Protecting the Video Game Industry From Cyber Attacks

As of last year, the value of the video game market across the United States was worth approximately $18.4 billion. For the most part, video game players across the globe don’t have to worry about too much while playing these games, aside from campers and the occasional cheater. There is something impacting the video game industry as a whole, however, that is far more serious.

Cyber attacks are not to be taken lightly, at any level. There are hackers across the globe that can effectively break into everything from personal Facebook accounts to enter government’s websites. Although 43% of cyber attacks are aimed at small businesses, these hackers are targeting the video game industry more than ever before.

According to Venture Beat, video game developers are finding themselves more and more vulnerable to concentrated attacks, which have extremely serious consequences for players and game developers alike.

“The revenue impact [of cyber attacks], depending on who you ask, is always going to be the biggest risk to any of your business,” said Ryan Safarian, vice president of engineering and JumpRamp Games. “And there’s major impact to your hardcore players who are dedicated, whose trust you’ve earned.”

When a video game is attacked, all new user acquisition funnels need to be suspended in order to prevent additional security threats. Doing this, however, immediately can throw off a developer’s analytics and date, which can trigger additional series of events that will take a long time to recover.

Here are some important cybersecurity statistics that business owners and video game players alike should be aware of:

  • Total number of publicly disclosed data breaches in 2017: 1,579.
  • Total number of records containing personal and other sensitive data that have been in compromised between Jan. 1, 2017, and March 20, 2018: 1.9 billion.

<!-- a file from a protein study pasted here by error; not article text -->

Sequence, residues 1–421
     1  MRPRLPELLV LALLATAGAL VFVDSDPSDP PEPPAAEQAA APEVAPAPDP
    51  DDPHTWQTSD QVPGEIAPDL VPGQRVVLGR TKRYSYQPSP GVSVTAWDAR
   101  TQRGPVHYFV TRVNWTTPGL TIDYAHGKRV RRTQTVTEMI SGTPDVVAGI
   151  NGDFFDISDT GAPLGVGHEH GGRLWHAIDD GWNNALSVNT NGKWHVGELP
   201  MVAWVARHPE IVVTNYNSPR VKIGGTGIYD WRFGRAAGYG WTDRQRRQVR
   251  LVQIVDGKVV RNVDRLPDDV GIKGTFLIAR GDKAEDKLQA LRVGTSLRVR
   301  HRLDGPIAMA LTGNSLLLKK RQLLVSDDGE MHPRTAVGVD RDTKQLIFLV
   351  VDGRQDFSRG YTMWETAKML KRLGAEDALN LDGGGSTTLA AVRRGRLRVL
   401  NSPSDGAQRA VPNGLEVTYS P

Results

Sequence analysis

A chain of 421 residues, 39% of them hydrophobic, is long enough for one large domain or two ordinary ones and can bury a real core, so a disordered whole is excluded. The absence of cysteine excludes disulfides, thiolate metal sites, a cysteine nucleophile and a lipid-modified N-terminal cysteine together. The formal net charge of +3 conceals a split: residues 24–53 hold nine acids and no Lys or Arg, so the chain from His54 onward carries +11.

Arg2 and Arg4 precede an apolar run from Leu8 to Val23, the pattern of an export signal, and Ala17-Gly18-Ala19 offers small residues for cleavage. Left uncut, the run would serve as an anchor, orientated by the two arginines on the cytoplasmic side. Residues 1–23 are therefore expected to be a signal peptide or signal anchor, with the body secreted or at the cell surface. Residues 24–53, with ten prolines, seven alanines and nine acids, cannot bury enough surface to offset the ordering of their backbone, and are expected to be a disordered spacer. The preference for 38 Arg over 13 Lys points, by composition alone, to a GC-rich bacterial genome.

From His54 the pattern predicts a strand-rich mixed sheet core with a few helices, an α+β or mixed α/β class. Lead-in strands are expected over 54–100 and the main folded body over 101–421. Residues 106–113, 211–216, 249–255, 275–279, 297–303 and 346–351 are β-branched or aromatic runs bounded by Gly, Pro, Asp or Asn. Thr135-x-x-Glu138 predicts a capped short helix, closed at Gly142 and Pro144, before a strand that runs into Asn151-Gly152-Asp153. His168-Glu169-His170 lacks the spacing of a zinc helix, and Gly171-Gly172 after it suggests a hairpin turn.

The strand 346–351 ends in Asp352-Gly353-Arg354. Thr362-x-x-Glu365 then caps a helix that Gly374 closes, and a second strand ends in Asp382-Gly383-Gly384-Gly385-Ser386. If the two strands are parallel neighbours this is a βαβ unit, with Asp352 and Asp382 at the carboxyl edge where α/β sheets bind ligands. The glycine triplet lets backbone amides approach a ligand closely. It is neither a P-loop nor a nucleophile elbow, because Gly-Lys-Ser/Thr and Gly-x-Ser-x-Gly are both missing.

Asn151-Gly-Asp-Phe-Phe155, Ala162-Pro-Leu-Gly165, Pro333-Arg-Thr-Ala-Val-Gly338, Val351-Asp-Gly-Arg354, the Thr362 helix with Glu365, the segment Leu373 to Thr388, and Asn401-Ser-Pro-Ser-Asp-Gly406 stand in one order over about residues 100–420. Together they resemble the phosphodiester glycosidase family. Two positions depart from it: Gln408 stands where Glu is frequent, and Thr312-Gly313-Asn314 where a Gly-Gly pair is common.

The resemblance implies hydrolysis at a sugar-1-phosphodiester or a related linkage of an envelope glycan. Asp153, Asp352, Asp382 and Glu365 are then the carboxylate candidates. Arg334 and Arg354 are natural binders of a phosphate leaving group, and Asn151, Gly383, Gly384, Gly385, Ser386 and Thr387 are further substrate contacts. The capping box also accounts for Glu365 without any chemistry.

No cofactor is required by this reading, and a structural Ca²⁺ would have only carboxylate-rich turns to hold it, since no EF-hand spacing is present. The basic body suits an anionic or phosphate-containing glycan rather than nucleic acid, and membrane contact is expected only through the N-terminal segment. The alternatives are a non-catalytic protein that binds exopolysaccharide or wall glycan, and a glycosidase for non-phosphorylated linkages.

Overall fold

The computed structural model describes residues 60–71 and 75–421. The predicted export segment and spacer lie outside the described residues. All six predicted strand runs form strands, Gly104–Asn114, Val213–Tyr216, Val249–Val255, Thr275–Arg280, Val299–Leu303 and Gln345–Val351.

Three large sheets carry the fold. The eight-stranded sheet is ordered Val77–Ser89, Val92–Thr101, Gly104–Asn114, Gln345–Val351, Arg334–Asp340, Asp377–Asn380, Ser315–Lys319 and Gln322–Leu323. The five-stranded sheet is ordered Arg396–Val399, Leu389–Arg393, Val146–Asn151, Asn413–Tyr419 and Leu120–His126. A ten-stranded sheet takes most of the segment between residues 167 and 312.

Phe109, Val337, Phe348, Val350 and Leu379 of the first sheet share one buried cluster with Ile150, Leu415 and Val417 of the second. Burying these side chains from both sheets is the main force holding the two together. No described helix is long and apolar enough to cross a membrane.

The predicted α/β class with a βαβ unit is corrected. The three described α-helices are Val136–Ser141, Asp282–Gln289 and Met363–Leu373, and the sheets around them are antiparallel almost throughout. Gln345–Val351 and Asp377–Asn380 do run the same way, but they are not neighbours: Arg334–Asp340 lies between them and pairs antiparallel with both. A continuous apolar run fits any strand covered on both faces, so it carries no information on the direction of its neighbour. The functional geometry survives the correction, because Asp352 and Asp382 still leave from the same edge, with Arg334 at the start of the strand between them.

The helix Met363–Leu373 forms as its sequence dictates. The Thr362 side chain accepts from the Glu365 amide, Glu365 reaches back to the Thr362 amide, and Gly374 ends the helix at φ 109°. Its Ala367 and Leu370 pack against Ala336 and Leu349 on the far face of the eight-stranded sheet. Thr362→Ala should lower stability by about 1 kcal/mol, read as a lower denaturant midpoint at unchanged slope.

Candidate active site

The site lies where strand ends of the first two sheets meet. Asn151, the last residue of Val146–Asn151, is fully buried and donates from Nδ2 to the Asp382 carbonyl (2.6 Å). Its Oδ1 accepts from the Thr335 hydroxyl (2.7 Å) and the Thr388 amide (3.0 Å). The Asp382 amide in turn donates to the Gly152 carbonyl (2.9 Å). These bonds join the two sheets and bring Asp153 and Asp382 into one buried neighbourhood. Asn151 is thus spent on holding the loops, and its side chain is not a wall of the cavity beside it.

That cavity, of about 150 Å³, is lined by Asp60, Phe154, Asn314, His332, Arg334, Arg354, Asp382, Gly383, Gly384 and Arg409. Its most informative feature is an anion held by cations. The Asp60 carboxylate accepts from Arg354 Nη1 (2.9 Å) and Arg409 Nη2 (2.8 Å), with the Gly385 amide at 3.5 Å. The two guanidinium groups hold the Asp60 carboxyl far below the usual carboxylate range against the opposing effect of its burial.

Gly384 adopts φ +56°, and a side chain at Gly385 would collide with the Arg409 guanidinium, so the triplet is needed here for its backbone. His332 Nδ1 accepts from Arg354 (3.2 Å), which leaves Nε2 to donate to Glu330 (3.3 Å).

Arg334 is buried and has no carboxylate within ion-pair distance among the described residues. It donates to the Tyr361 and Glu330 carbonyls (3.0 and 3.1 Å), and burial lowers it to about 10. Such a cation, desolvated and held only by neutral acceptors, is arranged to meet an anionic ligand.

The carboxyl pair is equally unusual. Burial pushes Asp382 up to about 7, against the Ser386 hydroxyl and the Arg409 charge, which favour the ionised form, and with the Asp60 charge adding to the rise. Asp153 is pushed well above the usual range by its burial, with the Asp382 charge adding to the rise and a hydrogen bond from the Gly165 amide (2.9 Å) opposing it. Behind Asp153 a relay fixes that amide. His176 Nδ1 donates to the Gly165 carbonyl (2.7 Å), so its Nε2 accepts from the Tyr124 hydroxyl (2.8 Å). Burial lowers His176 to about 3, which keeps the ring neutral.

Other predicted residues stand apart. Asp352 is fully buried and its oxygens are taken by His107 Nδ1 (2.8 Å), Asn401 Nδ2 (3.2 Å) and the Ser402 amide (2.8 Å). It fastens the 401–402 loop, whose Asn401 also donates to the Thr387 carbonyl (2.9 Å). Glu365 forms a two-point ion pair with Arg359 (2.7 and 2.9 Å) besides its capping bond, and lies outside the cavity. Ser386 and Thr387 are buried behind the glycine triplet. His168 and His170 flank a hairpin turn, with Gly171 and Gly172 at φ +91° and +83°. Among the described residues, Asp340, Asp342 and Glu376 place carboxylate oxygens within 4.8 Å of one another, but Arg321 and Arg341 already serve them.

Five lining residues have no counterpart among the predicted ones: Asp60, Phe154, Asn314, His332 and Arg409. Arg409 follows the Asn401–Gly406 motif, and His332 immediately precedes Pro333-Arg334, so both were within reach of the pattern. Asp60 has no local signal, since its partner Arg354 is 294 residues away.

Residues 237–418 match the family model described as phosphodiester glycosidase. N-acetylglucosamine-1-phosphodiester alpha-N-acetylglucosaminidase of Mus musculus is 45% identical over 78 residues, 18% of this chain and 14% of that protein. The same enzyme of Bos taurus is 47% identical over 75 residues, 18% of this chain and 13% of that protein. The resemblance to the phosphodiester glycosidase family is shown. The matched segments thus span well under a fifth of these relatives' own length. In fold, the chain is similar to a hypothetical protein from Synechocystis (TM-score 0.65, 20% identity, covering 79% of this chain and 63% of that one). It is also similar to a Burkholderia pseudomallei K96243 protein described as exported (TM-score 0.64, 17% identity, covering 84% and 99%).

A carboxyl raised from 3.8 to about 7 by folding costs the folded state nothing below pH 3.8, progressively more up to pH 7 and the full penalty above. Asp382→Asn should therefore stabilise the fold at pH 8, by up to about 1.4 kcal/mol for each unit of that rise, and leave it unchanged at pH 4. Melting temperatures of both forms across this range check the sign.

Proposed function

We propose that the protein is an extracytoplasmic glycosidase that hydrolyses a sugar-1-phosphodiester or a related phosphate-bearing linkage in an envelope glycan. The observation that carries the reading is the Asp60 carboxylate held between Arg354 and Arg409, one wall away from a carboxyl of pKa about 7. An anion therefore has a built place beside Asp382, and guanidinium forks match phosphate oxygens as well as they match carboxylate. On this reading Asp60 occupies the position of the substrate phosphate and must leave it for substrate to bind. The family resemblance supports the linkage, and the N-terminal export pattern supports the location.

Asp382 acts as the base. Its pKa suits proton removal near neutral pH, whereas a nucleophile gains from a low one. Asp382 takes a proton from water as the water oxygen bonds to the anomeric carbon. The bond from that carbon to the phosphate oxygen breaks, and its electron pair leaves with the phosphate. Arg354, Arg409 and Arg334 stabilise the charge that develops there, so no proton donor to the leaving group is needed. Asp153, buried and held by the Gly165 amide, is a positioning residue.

• Average cost of a data breach in 2017: $3.62 million.
  • The average time needed to fully contain a data breach in 2017: 66 days.
  • Percent of US organizations that plan to increase cybersecurity spending this year: 86%.
  • The total organizations worldwide plan to spend on cybersecurity in 2018: $96.3 billion.

So how can video game developers fight back against these innovative criminal hackers — are these attacks even preventable?

“I’m just going to flat out say no, you can’t prevent [them],” added Safarian. “There’s always going to be a bad actor out there that’s going to try to attack your system, so you can’t prevent it, in my opinion.”

Though there isn’t a foolproof way to 100% guarantee cybersecurity, there are plenty of measures being put in place across the world and the digital realm that are at least providing assistance to video game developers.

According to the Financial Times, labs across the U.S. and China are preparing to roll out automated tools that can find security flaws posed by faulty computer codes.

Whether it’s video game design or a banking’s mobile interface, coding is a necessary aspect of digital existence. Approximately 90% of all reported cybersecurity incidents are actually the result of an error in software code. Billions of lines of code are written each year, so it’s incredibly difficult to catch and correct every minor error. That’s where artificial intelligence comes into play.

“It’s really reducing the amount of time they have to spend to find those high-priority vulnerabilities,” said Rebecca Russell, a machine learning scientist, who helped design the AI system at the Draper Laboratory.


Welcome to the Night Helper Blog. The Night Helper Blog was created in 2008. Since then we have been blessed to partner with many well-known Brands like Best Buy, Fisher Price, Toys "R" US., Hasbro, Disney, Teleflora, ClearCorrect, Radio Shack, VTech, KIA Motor, MAZDA and many other great brands. We have three awesome children, plus four adorable very active grandkids. From time to time they too are contributors to the Night Helper Blog. We enjoy reading, listening to music, entertaining, travel, movies, and of course blogging.

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